What year did you get involved?
“I initially got involved in 2014.”
How did you come into your new position as chair of MVLP?
“When I started with MVLP, I first volunteered at some clinics. I then became fund-raising co-chair. So, for two years, I was fund-raising co-chair because of some federal funding cuts. I did that for two years. After I did that, I was asked by the current board to fill the seat of a board member that was rolling off. After I served on the board, they asked me to step into the vice chair position. After that, they nominated me to fill the chair position, and I took that over in August.”
What are your responsibilities as chair?
“We have quarterly board meetings and I preside over those. I remain in close contact with the executive director, Gayla Carpenter-Sanders, concerning events, recruiting volunteer attorneys or letting people know about our services. I still will be involved in assisting with fund-raising efforts. As far as carrying out the plan of operation for MVLP, myself along with the entire board work with the executive director to make sure we are staying on the right path. We work closely with the staff to make sure they have the assistance and resources they need to the best we can do that. I also feel like it’s my job to raise awareness and interest to the fact that this is such a critical need and that MVLP is a state-wide organization. We are trying to help folks from one end of Mississippi to the other.”
How many hours a week do you spend working with MVLP?
“I would say between two to three hours a week on average working with something related to MVLP. Certainly it is a commitment for time, showing up in court, assisting these folks with their issues, but it’s not something that causes you to have to shut down your private practice to do it.”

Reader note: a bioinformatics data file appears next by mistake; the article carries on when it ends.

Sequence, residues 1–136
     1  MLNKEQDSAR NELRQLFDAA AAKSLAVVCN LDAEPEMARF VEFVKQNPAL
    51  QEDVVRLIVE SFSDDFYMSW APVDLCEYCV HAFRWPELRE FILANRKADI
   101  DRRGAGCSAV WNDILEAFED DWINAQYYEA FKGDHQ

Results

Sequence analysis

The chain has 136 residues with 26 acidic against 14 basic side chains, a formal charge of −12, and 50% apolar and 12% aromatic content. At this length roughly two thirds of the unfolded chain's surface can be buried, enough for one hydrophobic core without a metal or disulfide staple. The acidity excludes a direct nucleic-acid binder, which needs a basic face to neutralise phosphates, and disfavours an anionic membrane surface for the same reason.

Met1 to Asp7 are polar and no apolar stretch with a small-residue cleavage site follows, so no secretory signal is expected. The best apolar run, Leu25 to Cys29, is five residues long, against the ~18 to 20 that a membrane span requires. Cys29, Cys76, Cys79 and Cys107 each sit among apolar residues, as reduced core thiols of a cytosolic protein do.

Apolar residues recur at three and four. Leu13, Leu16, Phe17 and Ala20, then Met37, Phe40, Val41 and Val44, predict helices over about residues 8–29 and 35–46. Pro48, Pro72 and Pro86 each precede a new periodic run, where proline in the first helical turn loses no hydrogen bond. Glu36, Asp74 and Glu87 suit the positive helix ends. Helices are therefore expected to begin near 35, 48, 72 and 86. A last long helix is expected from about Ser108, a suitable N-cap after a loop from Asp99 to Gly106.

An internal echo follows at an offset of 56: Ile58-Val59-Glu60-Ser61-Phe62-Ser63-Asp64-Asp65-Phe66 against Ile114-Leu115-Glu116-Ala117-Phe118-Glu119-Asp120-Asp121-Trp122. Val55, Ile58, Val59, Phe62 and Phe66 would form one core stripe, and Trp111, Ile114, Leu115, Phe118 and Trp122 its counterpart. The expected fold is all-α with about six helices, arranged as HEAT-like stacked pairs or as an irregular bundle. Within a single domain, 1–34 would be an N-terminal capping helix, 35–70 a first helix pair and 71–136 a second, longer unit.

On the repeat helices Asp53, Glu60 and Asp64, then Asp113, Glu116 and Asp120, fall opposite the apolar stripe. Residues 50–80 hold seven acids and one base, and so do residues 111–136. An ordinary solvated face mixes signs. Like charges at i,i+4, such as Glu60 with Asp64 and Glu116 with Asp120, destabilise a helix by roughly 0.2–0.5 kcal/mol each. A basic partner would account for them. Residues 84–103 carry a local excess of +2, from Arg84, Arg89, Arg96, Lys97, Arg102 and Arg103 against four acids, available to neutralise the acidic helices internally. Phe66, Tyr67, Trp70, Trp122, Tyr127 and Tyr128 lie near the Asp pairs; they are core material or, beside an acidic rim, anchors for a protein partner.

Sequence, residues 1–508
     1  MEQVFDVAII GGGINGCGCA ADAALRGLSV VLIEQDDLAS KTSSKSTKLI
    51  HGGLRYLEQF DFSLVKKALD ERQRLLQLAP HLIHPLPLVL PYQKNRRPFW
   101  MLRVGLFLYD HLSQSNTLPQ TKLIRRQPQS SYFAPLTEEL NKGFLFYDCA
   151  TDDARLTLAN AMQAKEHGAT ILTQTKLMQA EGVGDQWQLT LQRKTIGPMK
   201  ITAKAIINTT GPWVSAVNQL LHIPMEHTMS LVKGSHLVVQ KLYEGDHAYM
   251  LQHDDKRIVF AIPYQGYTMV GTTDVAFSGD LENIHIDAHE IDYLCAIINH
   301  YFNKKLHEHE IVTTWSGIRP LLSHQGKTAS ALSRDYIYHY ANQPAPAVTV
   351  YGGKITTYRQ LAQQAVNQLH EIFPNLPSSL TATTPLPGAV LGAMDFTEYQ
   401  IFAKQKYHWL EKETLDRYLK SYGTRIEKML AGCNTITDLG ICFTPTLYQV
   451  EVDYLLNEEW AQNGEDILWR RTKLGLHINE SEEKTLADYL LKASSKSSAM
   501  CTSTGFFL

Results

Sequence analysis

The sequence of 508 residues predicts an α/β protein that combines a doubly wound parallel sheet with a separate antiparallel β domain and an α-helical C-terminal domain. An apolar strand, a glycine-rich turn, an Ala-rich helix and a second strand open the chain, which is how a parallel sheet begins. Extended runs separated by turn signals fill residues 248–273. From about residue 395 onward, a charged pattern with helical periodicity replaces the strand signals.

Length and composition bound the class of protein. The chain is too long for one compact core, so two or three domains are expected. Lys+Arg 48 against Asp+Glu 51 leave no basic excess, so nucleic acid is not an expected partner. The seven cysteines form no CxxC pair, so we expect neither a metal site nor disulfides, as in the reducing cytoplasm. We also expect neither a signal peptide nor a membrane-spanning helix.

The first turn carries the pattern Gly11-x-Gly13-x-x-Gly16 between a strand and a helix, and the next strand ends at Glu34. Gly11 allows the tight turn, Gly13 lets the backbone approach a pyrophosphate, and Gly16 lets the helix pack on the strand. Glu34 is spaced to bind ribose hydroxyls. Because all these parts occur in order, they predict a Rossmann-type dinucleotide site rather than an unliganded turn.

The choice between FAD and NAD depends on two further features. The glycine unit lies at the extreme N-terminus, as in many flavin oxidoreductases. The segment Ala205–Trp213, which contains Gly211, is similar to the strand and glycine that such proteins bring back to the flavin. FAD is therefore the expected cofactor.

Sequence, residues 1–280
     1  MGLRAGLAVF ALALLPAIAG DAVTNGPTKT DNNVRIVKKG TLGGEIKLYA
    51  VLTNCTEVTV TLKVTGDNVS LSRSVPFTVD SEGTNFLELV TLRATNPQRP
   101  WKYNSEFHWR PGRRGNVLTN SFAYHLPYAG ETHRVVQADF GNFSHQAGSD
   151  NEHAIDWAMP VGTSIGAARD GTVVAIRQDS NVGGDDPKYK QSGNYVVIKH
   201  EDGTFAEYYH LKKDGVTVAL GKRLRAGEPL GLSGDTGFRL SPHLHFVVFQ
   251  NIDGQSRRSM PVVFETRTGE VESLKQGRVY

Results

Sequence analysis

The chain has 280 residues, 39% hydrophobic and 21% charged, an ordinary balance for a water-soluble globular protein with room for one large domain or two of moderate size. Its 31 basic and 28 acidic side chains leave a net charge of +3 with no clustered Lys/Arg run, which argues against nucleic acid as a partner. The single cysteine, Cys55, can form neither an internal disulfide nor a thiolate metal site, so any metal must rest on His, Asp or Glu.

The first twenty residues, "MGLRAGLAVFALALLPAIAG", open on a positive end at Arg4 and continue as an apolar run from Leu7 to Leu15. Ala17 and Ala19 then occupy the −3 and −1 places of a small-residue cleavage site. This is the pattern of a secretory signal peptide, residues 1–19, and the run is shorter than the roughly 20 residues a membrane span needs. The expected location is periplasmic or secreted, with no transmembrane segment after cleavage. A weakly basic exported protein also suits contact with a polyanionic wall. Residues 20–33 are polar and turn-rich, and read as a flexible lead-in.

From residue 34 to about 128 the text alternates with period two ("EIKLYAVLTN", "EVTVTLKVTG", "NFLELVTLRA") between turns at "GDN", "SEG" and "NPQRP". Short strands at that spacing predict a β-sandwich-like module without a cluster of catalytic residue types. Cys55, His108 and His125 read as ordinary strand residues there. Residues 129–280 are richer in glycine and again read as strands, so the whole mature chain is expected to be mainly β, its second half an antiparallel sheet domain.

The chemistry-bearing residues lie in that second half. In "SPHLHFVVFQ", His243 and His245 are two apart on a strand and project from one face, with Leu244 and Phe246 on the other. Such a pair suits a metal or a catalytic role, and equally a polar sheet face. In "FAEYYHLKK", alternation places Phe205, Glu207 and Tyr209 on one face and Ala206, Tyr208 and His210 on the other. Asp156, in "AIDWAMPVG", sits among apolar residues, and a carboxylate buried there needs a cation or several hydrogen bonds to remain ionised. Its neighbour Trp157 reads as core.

Are there any important annual MVLP events?
“Each year in September — we just had it on September 14, and it was very successful — we have a pro bono awards dinner, where we recognize those who have just given up their time and talents to offer pro bono services as well as any law firms or organizations that have given money, resources, time. We try recognize, thank and show our appreciation for people who have donated those things. That is the culmination of our fund-raising drive that we have every year.”
How many cases does MLVP handle each year statewide?
“MVLP opens approximately 1,200 cases each year.”
How many lawyers does MLVP currently have volunteering to handle those cases statewide?
“On average, we have approximately 100 attorneys who we recruit each year. However, on a yearly basis, we may have approximately 125 attorneys assisting clients on a yearly basis whether it is for extended representation (attorney representation in court) or limited representation (attorney assistance to pro se litigants).”
What is the cutoff for families that receive government assistance and therefore qualify for MLVP’s services?
“Families must be at or below 200 percent of the federal poverty guidelines. The income is based on the monthly income of every adult living in the home.”
What is the organization’s yearly budget?
“MVLP’s yearly budget is between $400,000 to $500,000 each year. MVLP does get some federal funding and work with those agencies to get certain things. It also is funded in part by grants. The staff and members of the board at MVLP are always looking for grants and different ways we can apply for funding. We are always looking for grants and programs to broaden our scope of what MVLP is trying to accomplish. We have in some years raised $80,000 or $90,000 in private fund-raising.”
Are there ways for people who aren’t lawyers to get involved?
“Fund-raising for sure, and there may be some way to put you to work at a clinic or something like that. Non-lawyers and non-lawfirms can definitely be sponsors of our pro bono dinner and certainly make contributions, and we welcome those.”